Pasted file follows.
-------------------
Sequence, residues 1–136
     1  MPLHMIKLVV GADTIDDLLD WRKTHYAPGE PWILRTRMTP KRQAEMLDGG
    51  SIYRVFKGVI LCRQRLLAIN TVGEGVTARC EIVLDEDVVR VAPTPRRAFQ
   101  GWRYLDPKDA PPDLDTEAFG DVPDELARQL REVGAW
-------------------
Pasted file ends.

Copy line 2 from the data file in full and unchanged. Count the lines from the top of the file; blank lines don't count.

     1  MPLHMIKLVV GADTIDDLLD WRKTHYAPGE PWILRTRMTP KRQAEMLDGG